noogie

noun

noog·​ie ˈnu̇-gē How to pronounce noogie (audio)
: the act of rubbing one's knuckles on a person's head so as to produce a mildly painful sensation

Examples of noogie in a Sentence

The boys gave each other noogies.
Recent Examples on the Web That’s right, gentle Jimmy Carter once gave me a noogie for seventeen straight hours. Marc Philippe Eskenazi, The New Yorker, 16 Mar. 2021 James, Anthony Davis and Dwight Howard have the muscle to give the Nuggets a noogie and rub their noses in the paint. Mark Kiszla, The Denver Post, 3 Dec. 2019 Who would blow in LeBron James’ ear or give him a playful noogie? Gregg Doyel, Indianapolis Star, 7 Mar. 2018 But Wagener comes across as a jock, the karate guy from the bad dojo, someone who might at any moment give you a noogie. Ezra Dyer, Car and Driver, 26 Jan. 2018 The outside baseball world might view it as arrogant, but tough noogies. Steve Rosenbloom, chicagotribune.com, 31 July 2017 Hating the Raiders is the oldest football tradition in Denver, while Broncomaniacs would put the Chiefs in a headlock, give them noogies, then invite them all to Christmas dinner. Yuletide visitor. Mark Kiszla, The Denver Post, 6 May 2017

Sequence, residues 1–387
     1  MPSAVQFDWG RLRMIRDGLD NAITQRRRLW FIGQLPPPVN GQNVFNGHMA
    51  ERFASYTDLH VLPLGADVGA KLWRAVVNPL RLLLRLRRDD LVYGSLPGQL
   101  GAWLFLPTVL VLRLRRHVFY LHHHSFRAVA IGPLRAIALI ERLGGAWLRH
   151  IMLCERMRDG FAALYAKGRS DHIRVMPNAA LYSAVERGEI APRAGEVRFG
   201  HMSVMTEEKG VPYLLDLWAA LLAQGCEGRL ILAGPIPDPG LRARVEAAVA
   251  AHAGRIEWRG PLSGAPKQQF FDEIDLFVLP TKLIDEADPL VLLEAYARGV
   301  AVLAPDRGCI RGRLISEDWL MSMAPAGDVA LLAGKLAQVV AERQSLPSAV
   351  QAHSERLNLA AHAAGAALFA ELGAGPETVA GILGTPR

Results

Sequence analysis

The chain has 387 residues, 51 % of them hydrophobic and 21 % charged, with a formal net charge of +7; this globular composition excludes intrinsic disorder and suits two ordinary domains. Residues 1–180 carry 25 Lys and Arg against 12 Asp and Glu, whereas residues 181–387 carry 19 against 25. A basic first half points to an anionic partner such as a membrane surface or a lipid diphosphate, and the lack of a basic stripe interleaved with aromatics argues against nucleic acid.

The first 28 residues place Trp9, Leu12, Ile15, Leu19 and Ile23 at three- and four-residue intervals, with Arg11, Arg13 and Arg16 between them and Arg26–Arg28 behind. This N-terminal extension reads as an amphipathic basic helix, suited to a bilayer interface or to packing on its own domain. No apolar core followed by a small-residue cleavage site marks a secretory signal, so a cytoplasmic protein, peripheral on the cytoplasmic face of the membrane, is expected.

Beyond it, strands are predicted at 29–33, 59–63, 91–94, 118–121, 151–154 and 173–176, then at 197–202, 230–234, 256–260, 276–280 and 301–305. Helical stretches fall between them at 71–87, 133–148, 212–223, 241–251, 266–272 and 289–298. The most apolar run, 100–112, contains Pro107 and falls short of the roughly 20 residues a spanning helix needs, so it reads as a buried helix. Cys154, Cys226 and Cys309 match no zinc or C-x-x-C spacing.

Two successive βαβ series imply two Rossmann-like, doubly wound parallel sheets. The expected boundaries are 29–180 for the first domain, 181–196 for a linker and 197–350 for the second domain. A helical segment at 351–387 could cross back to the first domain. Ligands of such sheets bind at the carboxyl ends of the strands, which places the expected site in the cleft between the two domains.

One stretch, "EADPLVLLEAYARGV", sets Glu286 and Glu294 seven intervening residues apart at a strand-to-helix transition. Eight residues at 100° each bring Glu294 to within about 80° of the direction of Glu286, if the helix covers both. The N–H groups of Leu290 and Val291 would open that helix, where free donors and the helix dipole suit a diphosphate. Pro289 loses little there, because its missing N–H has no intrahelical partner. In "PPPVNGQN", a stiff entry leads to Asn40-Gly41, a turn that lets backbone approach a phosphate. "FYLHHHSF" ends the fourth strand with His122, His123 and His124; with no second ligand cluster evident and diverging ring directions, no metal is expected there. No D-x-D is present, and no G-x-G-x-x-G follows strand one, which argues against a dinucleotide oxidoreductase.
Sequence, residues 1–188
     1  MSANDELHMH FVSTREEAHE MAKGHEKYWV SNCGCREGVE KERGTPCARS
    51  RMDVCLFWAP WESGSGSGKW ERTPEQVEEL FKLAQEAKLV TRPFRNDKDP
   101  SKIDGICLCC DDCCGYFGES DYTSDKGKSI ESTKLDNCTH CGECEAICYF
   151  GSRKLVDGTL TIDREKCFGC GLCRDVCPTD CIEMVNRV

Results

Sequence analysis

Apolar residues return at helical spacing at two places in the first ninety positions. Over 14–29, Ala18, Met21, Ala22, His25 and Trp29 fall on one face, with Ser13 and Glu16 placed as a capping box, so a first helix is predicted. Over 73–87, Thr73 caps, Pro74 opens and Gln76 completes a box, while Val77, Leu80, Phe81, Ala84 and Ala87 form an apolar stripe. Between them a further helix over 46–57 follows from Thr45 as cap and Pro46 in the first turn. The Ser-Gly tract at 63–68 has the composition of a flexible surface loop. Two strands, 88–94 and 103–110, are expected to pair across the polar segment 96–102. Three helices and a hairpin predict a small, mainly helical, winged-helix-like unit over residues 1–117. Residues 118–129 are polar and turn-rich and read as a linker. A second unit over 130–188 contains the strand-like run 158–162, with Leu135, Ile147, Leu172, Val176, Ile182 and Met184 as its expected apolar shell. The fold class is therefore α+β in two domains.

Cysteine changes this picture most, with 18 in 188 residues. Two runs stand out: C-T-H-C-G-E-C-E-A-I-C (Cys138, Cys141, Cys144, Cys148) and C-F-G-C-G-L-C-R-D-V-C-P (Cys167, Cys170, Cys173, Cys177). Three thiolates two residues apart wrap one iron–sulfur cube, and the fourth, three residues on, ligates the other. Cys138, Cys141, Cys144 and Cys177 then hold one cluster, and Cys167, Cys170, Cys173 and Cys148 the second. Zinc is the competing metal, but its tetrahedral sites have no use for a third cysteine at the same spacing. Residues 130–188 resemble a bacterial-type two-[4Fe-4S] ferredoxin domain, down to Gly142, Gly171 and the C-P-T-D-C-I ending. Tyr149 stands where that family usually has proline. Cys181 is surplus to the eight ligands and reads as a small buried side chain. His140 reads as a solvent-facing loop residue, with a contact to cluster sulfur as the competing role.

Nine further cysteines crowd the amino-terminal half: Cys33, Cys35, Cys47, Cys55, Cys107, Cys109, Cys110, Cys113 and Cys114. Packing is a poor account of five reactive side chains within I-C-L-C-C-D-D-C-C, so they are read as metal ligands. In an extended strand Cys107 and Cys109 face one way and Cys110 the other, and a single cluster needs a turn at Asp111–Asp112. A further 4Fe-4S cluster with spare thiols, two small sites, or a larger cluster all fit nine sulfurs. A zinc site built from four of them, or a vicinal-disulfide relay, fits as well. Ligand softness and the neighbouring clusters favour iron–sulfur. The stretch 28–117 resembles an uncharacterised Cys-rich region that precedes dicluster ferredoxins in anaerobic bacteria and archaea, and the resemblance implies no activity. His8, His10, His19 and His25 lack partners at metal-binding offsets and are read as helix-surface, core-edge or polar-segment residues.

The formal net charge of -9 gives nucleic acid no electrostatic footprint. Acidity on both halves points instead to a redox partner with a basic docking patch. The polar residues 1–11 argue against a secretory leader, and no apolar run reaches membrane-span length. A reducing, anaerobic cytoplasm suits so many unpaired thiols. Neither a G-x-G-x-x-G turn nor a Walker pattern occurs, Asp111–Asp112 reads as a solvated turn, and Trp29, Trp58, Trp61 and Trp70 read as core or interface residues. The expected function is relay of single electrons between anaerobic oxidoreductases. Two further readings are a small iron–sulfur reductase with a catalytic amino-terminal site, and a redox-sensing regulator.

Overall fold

These examples are programmatically compiled from various online sources to illustrate current usage of the word 'noogie.' Any opinions expressed in the examples do not represent those of Merriam-Webster or its editors. Send us feedback about these examples.

Word History

Etymology

origin unknown

First Known Use

1968, in the meaning defined above

Time Traveler
The first known use of noogie was in 1968

Dictionary Entries Near noogie

Cite this Entry

“Noogie.” Merriam-Webster.com Dictionary, Merriam-Webster, https://www.merriam-webster.com/dictionary/noogie. Accessed 21 Apr. 2024.

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